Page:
The Muslim Waqf, however, consistently refuses to recognize Israeli sovereignty or the laws governing holy sites. Attempting to change the status quo of the Temple Mount, the Waqf has repeatedly flouted these laws with excavations and construction of new mosques. Many believe that under the guise of renovations on the Temple Mount, the Waqf is deliberately destroying archaeological evidence of the site’s Jewish history.”

Original version

CAMERA’s Arabic department contacted BBC Arabic requesting a correction and pointing out that, contrary to the BBC’s claim, none of the legal action against the northern Islamic Movement or its leader has been related to protests against archaeological excavations: rather the group has been outlawed since late 2015 due to its links to Hamas, incitement and provocation of violence.

Although no reply was received, that part of the report was subsequently amended and readers are now informed that “the Israeli authorities accuse the Islamic movement of incitement, instigating rioting and misleading the public”.

However (as is all too often the practice at the BBC) the article does not include a footnote alerting audiences to the fact that it has been amended.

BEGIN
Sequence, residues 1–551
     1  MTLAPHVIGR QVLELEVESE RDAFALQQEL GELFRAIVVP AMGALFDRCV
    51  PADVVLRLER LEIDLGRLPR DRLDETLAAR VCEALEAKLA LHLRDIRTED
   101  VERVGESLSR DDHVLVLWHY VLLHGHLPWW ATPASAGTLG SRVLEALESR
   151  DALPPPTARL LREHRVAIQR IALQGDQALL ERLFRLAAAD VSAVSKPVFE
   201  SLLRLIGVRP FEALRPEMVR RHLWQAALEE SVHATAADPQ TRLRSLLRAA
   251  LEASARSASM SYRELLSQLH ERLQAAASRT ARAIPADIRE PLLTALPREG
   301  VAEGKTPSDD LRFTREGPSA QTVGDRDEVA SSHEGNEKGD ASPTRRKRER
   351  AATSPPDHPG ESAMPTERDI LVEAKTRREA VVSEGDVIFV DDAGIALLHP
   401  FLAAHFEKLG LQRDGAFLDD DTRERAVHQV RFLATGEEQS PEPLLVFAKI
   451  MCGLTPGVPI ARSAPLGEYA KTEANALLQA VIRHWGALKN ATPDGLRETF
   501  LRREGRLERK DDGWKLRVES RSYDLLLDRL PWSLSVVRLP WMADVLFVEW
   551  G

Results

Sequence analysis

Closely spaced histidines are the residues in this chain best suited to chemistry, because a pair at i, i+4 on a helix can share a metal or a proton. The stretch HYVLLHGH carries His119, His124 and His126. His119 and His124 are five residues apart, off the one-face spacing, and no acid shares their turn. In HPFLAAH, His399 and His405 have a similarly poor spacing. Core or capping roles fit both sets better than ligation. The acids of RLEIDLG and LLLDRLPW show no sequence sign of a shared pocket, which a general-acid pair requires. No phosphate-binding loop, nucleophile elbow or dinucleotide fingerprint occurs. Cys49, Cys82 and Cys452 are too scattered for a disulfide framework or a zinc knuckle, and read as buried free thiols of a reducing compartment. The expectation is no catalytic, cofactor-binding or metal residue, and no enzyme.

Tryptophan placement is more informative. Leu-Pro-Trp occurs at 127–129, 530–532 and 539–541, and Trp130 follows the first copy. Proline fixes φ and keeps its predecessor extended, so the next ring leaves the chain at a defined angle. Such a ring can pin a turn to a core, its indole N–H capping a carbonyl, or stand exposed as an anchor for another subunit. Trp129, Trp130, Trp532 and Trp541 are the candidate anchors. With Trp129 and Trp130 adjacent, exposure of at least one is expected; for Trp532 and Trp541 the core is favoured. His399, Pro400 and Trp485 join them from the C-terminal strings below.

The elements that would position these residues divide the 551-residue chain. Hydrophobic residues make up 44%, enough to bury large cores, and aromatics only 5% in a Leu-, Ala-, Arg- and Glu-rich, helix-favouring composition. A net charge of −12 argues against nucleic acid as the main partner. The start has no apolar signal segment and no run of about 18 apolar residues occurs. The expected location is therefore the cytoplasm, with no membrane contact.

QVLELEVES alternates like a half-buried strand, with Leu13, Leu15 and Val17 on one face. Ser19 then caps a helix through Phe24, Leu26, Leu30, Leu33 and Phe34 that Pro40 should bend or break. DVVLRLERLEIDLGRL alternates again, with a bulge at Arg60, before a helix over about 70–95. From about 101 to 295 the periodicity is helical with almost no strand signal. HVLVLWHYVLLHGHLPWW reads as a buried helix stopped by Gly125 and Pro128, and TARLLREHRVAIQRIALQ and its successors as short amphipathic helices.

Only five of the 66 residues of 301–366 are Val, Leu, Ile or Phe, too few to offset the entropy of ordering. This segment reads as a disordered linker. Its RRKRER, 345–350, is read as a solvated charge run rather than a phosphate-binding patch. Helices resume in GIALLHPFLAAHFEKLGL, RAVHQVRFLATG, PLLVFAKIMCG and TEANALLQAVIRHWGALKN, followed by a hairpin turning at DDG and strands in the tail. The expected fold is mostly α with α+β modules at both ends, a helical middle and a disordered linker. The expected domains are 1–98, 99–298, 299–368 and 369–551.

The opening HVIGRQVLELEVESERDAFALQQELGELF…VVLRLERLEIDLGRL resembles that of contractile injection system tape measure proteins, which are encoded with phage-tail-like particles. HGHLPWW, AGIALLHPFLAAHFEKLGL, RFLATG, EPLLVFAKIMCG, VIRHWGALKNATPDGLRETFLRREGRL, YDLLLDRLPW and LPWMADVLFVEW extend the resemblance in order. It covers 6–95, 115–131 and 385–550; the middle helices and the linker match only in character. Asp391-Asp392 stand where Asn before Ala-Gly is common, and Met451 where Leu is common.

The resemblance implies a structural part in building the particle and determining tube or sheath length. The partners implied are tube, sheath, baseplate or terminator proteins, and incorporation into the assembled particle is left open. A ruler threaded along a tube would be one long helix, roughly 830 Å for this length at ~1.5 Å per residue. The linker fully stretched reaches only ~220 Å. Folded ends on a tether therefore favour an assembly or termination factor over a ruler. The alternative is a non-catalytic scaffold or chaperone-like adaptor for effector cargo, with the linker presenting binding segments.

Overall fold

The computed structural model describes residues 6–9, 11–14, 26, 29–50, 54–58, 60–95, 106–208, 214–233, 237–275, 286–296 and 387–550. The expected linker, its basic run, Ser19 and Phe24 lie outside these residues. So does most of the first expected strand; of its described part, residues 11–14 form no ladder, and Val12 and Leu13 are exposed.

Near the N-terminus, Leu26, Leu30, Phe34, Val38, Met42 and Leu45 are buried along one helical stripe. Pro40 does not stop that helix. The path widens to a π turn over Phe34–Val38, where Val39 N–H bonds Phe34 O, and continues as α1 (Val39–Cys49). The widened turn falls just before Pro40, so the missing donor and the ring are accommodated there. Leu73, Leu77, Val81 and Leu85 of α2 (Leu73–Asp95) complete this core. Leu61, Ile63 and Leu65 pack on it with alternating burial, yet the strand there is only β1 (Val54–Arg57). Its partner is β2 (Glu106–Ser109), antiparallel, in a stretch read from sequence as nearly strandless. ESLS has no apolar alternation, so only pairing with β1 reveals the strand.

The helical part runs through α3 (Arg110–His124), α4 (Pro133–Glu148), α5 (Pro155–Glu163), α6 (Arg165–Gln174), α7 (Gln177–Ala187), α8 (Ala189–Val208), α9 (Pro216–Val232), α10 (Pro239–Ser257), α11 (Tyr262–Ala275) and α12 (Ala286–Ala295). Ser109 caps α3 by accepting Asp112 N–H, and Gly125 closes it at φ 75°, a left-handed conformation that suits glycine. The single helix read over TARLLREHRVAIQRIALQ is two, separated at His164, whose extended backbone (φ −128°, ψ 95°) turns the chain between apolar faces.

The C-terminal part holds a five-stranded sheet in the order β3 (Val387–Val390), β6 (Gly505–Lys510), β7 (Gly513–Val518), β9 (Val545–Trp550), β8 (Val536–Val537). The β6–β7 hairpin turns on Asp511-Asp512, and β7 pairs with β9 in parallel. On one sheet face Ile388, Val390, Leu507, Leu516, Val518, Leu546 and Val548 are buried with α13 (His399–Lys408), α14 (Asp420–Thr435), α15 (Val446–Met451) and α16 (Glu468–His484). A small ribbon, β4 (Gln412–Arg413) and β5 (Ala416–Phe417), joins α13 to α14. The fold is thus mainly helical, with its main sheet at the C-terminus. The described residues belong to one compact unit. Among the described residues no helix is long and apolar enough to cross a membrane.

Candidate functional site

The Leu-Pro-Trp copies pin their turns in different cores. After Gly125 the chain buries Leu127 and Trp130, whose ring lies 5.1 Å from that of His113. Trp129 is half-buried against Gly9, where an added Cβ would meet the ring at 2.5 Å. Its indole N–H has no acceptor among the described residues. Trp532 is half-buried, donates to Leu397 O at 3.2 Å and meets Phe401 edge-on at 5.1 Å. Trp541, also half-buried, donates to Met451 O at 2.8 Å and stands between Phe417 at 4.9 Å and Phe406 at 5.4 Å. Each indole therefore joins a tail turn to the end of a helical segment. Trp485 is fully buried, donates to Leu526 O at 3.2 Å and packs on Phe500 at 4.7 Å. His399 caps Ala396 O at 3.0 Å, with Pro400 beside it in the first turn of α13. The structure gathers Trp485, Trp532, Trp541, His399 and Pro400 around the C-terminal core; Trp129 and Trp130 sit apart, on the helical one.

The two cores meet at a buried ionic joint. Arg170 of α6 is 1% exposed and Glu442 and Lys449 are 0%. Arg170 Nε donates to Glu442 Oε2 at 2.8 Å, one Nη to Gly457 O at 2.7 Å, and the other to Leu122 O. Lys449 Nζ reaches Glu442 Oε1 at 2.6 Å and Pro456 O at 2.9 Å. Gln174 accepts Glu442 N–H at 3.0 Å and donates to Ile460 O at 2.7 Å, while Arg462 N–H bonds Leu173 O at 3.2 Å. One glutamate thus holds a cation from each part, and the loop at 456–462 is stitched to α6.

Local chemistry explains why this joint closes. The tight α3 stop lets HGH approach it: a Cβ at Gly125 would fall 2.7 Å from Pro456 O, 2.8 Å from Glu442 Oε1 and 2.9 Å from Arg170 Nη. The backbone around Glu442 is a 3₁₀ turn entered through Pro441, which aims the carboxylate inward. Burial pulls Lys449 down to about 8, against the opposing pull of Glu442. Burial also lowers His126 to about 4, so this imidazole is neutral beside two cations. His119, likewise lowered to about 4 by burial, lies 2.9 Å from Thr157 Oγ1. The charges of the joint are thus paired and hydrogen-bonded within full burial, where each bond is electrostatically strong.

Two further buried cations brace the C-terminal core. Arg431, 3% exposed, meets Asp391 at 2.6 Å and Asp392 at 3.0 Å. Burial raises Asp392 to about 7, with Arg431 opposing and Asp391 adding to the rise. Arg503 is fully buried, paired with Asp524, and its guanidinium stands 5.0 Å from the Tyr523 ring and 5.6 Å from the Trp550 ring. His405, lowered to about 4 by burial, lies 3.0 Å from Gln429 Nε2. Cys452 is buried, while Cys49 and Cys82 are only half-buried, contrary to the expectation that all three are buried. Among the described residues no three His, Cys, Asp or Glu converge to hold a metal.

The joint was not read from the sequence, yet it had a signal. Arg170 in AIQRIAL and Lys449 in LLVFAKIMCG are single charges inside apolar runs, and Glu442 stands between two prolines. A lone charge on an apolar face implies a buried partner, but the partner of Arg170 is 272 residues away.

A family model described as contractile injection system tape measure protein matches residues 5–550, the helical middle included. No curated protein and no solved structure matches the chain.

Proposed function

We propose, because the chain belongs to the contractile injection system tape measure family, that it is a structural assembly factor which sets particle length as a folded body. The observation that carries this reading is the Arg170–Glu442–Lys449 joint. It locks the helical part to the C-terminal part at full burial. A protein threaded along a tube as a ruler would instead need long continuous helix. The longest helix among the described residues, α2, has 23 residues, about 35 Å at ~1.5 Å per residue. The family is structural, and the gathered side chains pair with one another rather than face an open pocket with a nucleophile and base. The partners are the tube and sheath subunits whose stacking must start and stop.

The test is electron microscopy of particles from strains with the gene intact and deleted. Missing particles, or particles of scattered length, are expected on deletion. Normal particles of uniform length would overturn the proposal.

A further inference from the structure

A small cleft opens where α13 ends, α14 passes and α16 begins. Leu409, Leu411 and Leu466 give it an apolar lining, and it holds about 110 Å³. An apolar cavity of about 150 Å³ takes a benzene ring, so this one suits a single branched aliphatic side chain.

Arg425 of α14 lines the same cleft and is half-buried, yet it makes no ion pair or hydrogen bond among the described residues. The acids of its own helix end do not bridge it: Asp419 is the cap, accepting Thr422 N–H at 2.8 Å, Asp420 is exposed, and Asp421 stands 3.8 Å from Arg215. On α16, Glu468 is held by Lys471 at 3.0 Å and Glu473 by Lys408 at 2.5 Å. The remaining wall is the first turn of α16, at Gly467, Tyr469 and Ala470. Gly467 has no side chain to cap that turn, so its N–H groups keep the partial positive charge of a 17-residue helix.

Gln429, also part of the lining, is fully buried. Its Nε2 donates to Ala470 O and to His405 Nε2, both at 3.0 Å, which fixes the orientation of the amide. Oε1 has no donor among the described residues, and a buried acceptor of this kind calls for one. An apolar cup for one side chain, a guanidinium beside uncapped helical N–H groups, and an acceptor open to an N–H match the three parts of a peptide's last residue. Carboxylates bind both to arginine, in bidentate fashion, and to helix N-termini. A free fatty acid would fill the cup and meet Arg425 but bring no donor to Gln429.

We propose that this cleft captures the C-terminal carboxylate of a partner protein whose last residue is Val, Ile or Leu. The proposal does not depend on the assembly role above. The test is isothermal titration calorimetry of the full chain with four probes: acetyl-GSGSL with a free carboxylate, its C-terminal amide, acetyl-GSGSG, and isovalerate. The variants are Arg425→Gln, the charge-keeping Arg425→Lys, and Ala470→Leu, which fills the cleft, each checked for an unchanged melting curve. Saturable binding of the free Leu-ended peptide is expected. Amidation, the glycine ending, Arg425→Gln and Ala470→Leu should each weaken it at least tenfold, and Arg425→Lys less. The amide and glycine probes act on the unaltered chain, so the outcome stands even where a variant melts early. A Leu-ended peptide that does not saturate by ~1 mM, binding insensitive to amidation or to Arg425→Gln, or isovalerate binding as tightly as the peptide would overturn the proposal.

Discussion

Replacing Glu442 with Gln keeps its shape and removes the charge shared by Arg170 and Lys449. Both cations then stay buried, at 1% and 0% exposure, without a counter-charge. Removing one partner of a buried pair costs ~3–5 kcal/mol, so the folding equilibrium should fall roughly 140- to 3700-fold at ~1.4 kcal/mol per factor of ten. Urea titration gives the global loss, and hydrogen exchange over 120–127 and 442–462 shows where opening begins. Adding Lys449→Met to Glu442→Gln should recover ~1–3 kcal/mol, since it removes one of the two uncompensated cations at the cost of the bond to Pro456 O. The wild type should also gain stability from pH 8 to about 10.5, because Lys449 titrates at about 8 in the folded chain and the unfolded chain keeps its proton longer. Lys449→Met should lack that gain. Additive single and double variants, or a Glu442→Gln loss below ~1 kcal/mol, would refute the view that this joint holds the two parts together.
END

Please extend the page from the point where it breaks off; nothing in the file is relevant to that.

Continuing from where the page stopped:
Related Articles:

The Battle Over Jerusalem and the Temple Mount  (CAMERA)

BBC ignores another Northern Islamic Movement story – in English

BBC News ignores Northern Islamic Movement ban – in English

 

BBC Teach to edit inaccurate educational video

Readers may recall that last month we noted some inaccuracies in BBC produced educational videos. Using BBC Watch’s post, Mr Dennis Levene contacted BBC Teach to raise the problematic points.

In the response received, BBC Teach’s producer denied that in the video titled “J is for Jesus“ viewers are told that the Jews “…turned against him [Jesus] and had him executed by the Romans; nailed to a cross.”

BBC Teach stated:

“We don’t […] say that ‘The Jews’ turned against Jesus and had him executed.  The script says: “Eventually, many of the religious teachers and the people… turned against [Jesus] and had him executed by the Romans’.  This is fair reflection of widely-accepted events.”  [emphasis added]

Apparently it is not sufficiently clear to BBC Teach that – like Jesus himself – those “religious teachers and the people” were Jews or that the ‘Jews killed Jesus’ calumny has been at the root of Christian antisemitism for centuries.